“You don’t want to get it much bigger or else it really kind of waters down the tournament,” he said. “I think there is room to do something. I think you can make a minor expansion, but I don’t think you would want to make it much bigger because there’s just not many teams that actually play lacrosse.”

Kessenich warned that adding more berths to the NCAA Tournament might give a few select teams enough incentive to think they can afford a loss in the regular season without severely impacting their overall profile to the selection committee.

“It would devalue the regular season,” he said. “I think we have a nice balance right now where the regular season actually matters and games have significance. We don’t want to get into a situation where everybody’s getting into the tournament after having mediocre seasons. Regular-season games have to be important.”

Based on the texts and tweets Kessenich and Dixon receive every May, tournament expansion might continue to be a topic of debate until more schools sponsor Division I lacrosse.


For Duke coach John Danowski, widening the field won’t placate his team’s disappointment at being left out. But he also understands that they had a season-long chance to author their own fate.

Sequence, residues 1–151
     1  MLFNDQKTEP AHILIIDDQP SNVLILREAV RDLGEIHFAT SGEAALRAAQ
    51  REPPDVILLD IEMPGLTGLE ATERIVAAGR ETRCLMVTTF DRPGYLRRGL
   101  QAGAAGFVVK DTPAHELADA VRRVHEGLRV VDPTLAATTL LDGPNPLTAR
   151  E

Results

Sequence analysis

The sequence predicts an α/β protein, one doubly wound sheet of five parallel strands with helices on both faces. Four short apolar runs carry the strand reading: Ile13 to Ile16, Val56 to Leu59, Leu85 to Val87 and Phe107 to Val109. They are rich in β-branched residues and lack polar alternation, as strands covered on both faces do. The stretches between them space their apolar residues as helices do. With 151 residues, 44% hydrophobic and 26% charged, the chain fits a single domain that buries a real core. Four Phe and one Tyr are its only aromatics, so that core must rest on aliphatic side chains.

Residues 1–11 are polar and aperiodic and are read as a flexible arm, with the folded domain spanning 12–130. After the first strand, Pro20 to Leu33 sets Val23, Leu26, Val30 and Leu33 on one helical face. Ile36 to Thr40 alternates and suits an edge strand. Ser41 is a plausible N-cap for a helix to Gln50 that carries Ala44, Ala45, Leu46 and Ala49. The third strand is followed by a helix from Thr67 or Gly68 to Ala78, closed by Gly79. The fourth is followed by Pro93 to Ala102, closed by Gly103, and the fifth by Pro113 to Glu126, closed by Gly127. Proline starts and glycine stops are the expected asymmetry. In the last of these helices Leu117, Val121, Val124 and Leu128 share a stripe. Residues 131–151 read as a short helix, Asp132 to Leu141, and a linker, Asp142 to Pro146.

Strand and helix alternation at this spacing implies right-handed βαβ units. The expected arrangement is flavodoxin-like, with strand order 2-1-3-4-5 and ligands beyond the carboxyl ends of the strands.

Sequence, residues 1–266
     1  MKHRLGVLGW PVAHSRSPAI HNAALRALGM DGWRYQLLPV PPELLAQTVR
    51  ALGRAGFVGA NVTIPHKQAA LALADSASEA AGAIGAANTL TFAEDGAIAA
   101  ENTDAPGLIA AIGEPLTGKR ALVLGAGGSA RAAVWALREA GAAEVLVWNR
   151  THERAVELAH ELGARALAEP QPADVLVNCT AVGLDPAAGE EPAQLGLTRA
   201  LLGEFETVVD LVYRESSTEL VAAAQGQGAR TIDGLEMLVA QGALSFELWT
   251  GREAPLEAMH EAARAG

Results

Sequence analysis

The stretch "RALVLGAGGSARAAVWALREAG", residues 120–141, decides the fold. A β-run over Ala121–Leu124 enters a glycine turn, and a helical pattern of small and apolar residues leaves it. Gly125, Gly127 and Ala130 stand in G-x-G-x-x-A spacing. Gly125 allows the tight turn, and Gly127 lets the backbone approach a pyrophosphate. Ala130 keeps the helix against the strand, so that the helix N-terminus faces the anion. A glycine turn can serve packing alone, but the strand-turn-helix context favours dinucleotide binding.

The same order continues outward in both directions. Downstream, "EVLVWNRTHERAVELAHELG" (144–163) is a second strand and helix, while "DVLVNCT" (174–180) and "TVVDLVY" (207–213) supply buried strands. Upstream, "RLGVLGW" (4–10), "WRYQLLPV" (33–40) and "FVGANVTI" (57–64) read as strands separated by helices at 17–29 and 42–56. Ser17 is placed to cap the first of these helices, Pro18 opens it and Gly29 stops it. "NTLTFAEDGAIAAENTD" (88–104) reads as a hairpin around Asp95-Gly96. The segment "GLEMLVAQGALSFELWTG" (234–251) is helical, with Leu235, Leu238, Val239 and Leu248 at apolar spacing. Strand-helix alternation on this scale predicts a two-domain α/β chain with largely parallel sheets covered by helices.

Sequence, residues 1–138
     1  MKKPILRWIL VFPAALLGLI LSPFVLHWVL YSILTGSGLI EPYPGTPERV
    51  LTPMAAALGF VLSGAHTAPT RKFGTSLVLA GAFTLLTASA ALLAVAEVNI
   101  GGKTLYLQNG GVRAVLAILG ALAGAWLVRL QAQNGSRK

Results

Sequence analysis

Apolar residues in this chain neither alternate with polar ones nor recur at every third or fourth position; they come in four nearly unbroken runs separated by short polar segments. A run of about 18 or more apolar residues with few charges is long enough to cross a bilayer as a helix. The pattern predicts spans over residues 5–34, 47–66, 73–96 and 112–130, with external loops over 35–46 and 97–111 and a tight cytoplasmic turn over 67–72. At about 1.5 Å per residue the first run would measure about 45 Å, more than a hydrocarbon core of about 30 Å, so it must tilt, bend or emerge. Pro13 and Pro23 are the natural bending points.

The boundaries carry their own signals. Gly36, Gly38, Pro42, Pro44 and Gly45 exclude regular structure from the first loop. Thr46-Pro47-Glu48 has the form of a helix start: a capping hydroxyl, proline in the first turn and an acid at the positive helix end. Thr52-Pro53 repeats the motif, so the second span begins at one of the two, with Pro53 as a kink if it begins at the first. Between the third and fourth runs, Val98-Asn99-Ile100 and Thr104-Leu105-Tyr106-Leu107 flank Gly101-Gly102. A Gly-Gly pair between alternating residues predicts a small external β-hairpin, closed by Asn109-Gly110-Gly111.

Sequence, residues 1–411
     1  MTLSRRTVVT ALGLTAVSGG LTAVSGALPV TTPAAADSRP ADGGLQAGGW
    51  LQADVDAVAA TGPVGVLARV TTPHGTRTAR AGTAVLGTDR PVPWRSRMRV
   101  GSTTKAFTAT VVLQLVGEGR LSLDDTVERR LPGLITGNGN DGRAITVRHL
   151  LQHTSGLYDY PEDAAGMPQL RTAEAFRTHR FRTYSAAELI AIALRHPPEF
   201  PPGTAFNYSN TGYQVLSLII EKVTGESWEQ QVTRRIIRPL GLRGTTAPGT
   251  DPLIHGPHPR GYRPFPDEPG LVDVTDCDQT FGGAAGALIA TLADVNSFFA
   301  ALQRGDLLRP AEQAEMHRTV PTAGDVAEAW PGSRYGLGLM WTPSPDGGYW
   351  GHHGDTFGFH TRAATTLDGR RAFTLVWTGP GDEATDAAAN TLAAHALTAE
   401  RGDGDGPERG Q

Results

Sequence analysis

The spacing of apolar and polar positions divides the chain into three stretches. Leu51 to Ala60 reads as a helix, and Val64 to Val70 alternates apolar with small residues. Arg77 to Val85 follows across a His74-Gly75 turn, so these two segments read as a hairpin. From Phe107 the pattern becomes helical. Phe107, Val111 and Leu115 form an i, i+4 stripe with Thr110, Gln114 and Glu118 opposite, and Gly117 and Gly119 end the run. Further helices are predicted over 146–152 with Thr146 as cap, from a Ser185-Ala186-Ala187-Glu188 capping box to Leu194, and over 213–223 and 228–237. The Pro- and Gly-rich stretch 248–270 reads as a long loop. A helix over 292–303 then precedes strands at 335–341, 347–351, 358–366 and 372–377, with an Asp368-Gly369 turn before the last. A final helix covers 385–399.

“We’re not singing the blues here,” he said. “We lost six games, and according to the committee, two of those losses were to teams that traditionally had good seasons in Syracuse and Loyola, and those would have been good losses in the past. Not this year. That’s just kind of how it goes.”

NCAA men’s lacrosse tournament

Opening round

  • Vermont 15, Manhattan 3
  • Delaware 20, Robert Morris 8

First round

  • Boston University at No. 5 seed Princeton, Saturday, noon
  • Richmond at No. 3 seed Penn, Saturday, 2:30 p.m.
  • Saint Joseph’s at No. 4 seed Yale, Saturday, 5 p.m.
  • Virginia at No. 8 seed Brown, Saturday, 7:30 p.m.
  • Vermont at No. 1 seed Maryland, Sunday, noon
  • Harvard at No. 6 seed Rutgers, Sunday, 2:30 p.m.
  • Ohio State at No. 7 seed Cornell, Sunday, 5 p.m.
  • Delaware at No. 2 seed Georgetown, Sunday, 7:30 p.m.

NCAA women’s lacrosse tournament

First round

  • Drexel at No. 8 seed Stony Brook, Friday, noon
  • Rutgers vs. Saint Joseph’s, Friday, 2:30 p.m. (at Stony Brook, New York)
  • Duke vs. Johns Hopkins, Friday, 3 p.m. (at College Park)
  • Mount St. Mary’s at No. 6 seed Loyola Maryland, Friday, 3 p.m.
  • Denver vs. Vermont, Friday, 4 p.m. (at Chestnut Hill, Massachusetts)
  • Fairfield at No. 5 seed Syracuse, Friday, 4 p.m.
  • Southern California vs. Virginia, Friday, 5 p.m. (at Chapel Hill, North Carolina)
  • Mercer at No. 7 seed Florida, Friday, 5 p.m.
  • Central Michigan at No. 4 seed Northwestern, Friday, 5 p.m.
  • Massachusetts vs. Princeton, Friday, 7 p.m.
  • Connecticut vs. James Madison, Friday, 7 p.m. (at Loyola Maryland)
  • Jacksonville vs. Stanford, Friday, 7:30 p.m. (at Gainesville, Florida)
  • Notre Dame vs. Michigan, Friday, 8 p.m.

Second round

  • Southern California/Virginia at No. 1 seed North Carolina, Sunday, noon
  • Denver/Vermont at No. 3 seed Boston College, Sunday, 1 p.m.
  • Duke/Johns Hopkins at No. 2 seed Maryland, Sunday, 2:30 p.m.

First round


Sunday, noon